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If you were hoping for something different on TV circa 1984, Miami Vice delivered with its breathtaking two-hour pilot. From the opening New York shootout to the stirring nighttime drive with “In the Air Tonight” on the soundtrack, the show had style to burn.

It also had some glaring weaknesses. Gregory Sierra, who played Lt. Lou Rodriguez in the earlygoing, did not seem like a good fit for the show. And the wacky subplot involving the pet alligator of Sonny Crockett (Don Johnson) got old pretty fast.

With the arrival of Edward James Olmos (Lt. Castillo) in episode 6, Miami Vice really began to hit its stride. Castillo put the vice squad in line immediately, and by the “Golden Triangle” episodes the lieutenant became more intriguing than the two main characters.

It almost didn’t turn out that way. Speaking with the Television Academy in a 2013 interview, Olmos recalled how he wasn’t interested in the part when executive producer Michael Mann offered it to him. In the end, it took Mann about five different offers to get Olmos in the show.

Edward James Olmos kept politely declining Michael Mann’s offers to join the ‘Miami Vice’ cast

Philip Michael Thomas and Edward James Okmos in 'Miami Vice'
MIAMI VICE — “One Way Ticket” | NBCUniversal via Getty Images

When Mann first offered Olmos the part of Castillo, Miami Vice was in a time crunch. Sierra no longer wanted to play Lt. Rodriguez, so the show had him killed off in “Calderon’s Return, Part I” (season 1 episode 4). Mann wanted Olmos to fly to Miami and start playing Castillo the next day.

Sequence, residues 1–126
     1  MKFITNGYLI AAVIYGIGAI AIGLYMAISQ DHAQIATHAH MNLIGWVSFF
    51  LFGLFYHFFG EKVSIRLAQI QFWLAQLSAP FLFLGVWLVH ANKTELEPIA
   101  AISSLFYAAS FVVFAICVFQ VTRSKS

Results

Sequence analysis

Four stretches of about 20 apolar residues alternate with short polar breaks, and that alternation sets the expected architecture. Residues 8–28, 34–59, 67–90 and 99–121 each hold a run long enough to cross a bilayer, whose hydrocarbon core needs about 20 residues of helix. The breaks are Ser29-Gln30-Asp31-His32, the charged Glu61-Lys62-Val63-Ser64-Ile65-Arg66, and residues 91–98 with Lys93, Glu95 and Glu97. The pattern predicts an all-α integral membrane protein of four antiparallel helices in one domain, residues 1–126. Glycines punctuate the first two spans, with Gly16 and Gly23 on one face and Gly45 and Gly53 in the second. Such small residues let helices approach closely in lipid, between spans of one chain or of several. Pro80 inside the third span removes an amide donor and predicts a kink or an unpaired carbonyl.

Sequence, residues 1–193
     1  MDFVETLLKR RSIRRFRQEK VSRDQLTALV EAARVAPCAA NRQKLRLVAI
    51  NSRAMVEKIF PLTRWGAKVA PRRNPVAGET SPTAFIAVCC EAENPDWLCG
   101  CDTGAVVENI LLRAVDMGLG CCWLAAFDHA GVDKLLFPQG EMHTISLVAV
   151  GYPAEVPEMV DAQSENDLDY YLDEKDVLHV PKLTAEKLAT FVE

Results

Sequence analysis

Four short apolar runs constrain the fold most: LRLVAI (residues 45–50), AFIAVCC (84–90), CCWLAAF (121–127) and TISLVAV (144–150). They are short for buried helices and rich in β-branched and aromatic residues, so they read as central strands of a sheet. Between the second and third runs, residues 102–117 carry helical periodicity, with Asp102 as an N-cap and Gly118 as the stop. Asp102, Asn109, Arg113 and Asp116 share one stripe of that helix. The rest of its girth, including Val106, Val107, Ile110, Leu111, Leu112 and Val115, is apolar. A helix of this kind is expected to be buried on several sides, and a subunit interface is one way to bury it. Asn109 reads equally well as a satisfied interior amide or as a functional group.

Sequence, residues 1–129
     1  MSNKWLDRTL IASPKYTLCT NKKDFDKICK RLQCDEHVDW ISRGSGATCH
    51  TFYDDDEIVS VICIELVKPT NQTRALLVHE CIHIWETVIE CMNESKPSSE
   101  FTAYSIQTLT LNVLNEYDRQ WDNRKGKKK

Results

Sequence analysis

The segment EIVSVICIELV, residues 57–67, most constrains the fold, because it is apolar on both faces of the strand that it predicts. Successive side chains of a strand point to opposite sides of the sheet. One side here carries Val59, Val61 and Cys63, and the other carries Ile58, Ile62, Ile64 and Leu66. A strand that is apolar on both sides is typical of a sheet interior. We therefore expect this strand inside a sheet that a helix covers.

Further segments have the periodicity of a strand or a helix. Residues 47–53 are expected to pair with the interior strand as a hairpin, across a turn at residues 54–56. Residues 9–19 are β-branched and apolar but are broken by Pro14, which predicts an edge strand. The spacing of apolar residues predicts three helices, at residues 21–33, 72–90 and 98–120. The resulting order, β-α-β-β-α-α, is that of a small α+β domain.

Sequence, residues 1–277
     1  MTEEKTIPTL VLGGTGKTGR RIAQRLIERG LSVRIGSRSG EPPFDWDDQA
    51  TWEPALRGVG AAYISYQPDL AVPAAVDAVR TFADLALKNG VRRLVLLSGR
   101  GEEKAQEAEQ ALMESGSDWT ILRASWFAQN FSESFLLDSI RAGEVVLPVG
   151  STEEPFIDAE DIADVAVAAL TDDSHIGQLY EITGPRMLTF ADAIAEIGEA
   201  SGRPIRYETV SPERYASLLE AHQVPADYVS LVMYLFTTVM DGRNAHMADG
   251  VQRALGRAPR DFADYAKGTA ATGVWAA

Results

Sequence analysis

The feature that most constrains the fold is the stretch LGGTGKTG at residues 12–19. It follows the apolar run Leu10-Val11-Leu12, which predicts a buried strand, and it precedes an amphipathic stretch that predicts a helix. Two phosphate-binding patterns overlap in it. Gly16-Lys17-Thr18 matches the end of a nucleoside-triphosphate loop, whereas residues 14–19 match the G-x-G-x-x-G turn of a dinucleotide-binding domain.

Olmos was in a completely different place. He and his creative partners had just produced The Ballad of Gregorio Cortez (1982), which began in the American Playhouse series. For Olmos, Gregorio Cortez was very much a labor of love — and a highlight of his career as an artist to that point.

“I was very happy and very proud,” Olmos recalled in his Television Academy interview. “I had done Zoot Suit, I had done Blade Runner, I had done Gregorio Cortez … and Mann calls me up and says, ‘Do you want to do Miami Vice?'”

Despite having no money at the time, Olmos didn’t like the idea. He told Mann he could guest-star for a few episodes but couldn’t sign an exclusive contract to play Castillo. After Olmos hung up, Mann called him back with a higher offer, only to hear Olmos politely decline again. Then it happened two more times.

Olmos didn’t agree until he got creative control of the character — and a nonexclusive contract

Bruce McGill and Edward James Olmos in 'Miami Vice'
MIAMI VICE: Bruce McGill as Hank Weldon, Edward James Olmos as Lieutenant Martin Castillo | NBCUniversal via Getty Images

When ‘Law & Order’ Creator Dick Wolf Took Over at ‘Miami Vice’ for Michael Mann

Every time Olmos turned down Mann, the Miami Vice showrunner called back with a higher monetary offer. Olmos recalled starting to feel guilty about turning down so much money. At the time, he was working the graveyard shift running a furniture delivery business.

But he knew he couldn’t do another Gregorio Cortez if he was playing Castillo on Miami Vice. Then Mann came back with his fourth offer. “The money he was offering me was more money than my father made in his entire lifetime,” Olmos recalled. But he still didn’t bite.

Finally, Mann got back to him with a fifth offer. That one gave Olmos a nonexclusive contract while he played Castillo and full creative control of the character. Olmos decided to get greedy at that point. “And I’ll take the last offer [laughs],” he told Mann. That night, he got on a plane to Miami to start work the following morning.